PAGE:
If you want a wise answer, ask a reasonable question.
—Johann Wolfgang Von Goethe (1749-1832), German poet, novelist and dramatist
- Sit down to start writing. Bookend piece with profane (but tentative) title and "Until next time..." sign off.
- Take a break to read everything ever published on the Internet.
- Finish writing in a desperate panic like I'm defusing a time bomb.
Luckily for me, with his usual unerring foresight, editating superhero Kelly Digges gave me this assignment six months ago so I would have time, for once, to mentally absorb the contents of the Internet before I actually have to write a single word. I hit my deadlines with the grace and precision of a Chuck Hayes free throw. I'll overshoot 'em by three weeks like I'm Spaceball-1 gone to plaid.
I'm like, "Sure, I guess I can write one article a year."
Famous last words. Or, I guess, famous first words in this case. Or just words.
To change things up from the usual routine, I thought I'd spend the column answering some reader questions about Duel Decks: Knights vs. Dragons.
Q: On a scale from 100% totally amazing to over-the-top, state-of-pure-euphoria incredimazing, can you tell us just how amazing is it to get to work on Magic?
A: Good question to start things off, Joe. That's a toughie. Hmm. I might have to get back to you.
Q: The lack of Hunted Dragon is nothing short of a crime. This is an outrage. You really dropped the ball on this one. Did any thought at all go into this?
-Joe (might be a different Joe)
A: Hi, Joe, and thanks for your question. Believe it or not, some thought did go into this product. For example, when asked a similar question on Twitter...
misterorange Still can't believe Knights vs Dragons doesn't have Hunted Dragon in it. What the hell, Wizards? Seriously?
...Knights vs. Dragons developer Zac Hill had this thought:
zdch @misterorange Playtested the hell out of it. It's 'thematic' in a bad way. You read the card, say 'cool', actually play it, want to cry.
I get why you want to see Hunted Dragons in there. As Magic creative director Brady Dommermuth explained early on, "the product is supposed to capitalize on a familiar trope: fire-breathing dragon swoops down from the sky on leathery wings, attacks castle/village, noble knight goes on quest to kill dragon, etc." Hunted Dragon encapsulates that archetypal narrative in a single card. Kind of. In practice, the Knights are more about racing the Dragon than hunting it, but whatevs. It has both words on it, for Krark's sake! Obviously, it would have to be included. And it was.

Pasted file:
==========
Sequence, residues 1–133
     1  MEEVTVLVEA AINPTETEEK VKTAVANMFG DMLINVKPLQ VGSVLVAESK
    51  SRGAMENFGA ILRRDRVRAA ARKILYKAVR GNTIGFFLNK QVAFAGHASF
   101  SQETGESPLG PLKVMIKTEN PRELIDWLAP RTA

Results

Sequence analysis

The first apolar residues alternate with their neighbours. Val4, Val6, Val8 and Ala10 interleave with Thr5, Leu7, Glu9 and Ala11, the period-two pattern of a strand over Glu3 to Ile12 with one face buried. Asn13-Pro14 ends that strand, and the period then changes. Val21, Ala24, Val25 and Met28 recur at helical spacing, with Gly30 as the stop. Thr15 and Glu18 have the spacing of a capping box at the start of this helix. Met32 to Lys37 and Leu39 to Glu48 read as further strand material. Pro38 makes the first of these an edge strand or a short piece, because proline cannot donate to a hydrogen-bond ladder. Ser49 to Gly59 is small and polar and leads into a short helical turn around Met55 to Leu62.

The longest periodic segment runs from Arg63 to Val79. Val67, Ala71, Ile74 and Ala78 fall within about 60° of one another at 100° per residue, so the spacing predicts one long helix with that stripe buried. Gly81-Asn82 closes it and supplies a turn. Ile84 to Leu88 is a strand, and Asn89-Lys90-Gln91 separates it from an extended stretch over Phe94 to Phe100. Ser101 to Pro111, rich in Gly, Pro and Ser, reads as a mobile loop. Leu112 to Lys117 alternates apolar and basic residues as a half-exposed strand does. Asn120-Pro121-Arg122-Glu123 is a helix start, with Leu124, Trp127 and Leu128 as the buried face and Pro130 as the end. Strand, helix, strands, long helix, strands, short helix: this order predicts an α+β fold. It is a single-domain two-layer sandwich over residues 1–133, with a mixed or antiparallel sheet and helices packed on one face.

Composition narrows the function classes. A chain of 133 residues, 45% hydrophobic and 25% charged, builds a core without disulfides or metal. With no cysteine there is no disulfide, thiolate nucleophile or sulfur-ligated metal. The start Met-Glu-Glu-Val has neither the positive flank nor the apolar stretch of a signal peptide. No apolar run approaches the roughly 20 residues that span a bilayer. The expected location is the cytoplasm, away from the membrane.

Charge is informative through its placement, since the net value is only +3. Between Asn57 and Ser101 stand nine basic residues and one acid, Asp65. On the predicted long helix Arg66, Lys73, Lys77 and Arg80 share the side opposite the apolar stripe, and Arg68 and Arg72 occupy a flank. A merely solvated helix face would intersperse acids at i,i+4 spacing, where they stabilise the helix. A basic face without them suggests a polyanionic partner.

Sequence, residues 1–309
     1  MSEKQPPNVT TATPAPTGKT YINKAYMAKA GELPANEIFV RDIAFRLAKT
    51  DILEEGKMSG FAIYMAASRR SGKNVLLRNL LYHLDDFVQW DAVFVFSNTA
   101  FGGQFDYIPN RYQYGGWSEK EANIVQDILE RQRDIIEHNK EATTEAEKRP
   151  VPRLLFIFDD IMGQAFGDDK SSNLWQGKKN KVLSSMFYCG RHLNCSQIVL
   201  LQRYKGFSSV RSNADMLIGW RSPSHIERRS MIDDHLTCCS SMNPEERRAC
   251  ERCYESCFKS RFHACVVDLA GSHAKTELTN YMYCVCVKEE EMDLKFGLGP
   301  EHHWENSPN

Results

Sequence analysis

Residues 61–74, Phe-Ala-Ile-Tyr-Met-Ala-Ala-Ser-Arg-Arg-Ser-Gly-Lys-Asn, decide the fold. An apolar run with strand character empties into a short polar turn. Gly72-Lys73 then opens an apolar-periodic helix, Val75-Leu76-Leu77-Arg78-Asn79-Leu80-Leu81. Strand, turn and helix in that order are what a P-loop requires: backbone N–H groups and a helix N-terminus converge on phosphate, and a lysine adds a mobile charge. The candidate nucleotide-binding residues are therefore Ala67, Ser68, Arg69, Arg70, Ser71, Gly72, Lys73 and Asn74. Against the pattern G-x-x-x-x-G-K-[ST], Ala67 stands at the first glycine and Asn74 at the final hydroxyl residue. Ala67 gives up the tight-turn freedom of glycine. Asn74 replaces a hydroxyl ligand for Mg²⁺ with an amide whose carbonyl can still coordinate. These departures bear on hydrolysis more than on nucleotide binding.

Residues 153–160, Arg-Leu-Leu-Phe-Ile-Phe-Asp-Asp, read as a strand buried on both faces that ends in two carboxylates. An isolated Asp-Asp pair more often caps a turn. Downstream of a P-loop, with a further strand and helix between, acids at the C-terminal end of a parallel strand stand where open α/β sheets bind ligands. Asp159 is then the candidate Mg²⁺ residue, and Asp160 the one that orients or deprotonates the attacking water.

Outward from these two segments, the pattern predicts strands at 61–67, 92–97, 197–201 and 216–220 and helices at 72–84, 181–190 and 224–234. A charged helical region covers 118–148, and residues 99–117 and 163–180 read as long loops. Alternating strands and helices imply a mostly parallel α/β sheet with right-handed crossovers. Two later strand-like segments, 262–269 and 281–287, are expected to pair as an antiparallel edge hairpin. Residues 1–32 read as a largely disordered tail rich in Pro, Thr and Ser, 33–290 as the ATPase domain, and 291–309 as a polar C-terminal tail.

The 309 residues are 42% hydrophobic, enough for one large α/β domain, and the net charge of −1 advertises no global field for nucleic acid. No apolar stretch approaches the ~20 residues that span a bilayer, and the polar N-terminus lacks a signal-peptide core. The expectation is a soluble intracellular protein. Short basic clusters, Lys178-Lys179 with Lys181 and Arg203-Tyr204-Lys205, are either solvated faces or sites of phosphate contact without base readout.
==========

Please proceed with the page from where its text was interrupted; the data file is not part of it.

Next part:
Until I played with it.
It was completely miserable! If it makes a battle-hardened developer like Zac want to cry, you can just imagine what it did to me. The fact that the card was only ever played competitively as a back-up insta-kill in a noninteractive combo deck should have been my first clue that things would not work out. Much of the time it was a complete and utter blowout—for my opponent.
At best, it was like a watered-down "I win" card—a sort of Hidetsugu's Second Rate. If your opponent was at 6 life or less, and had no flying creatures, and was tapped out so you didn't have to worry about any instant removal spells, Hunted Dragon would win the game on the spot. At worst, which was every other instance, it was like a bad Lava Axe that came with a Final Fortune-esque "At end of turn, you lose the game" rider tacked on. That trio of 2/2 first strikers that you so generously donated could quickly become indestructible 3/3 first strikers or worse. In short, you were taking your life in your hands every time you played it. It was a Dragon in a Dragon deck that you almost never wanted to draw. It's basically a Leathery-Winged Victory Cigar patrolling the skies around Winmore Castle.
I finally cut Hunted Dragon from my design prototype after a game where I was in topdeck mode, slightly (slightly!) behind on the board, and I drew it. Cue the *groan* sound effect. It was like the flop was all face cards and I was stuck holding a deuce. Have you ever tried playing defense with a Hunted Dragon? Every Dragon that made it into the final deck will in one way or another help you get back into the game if you're behind, or put victory out of reach for your opponent if you are ahead. You will like drawing them!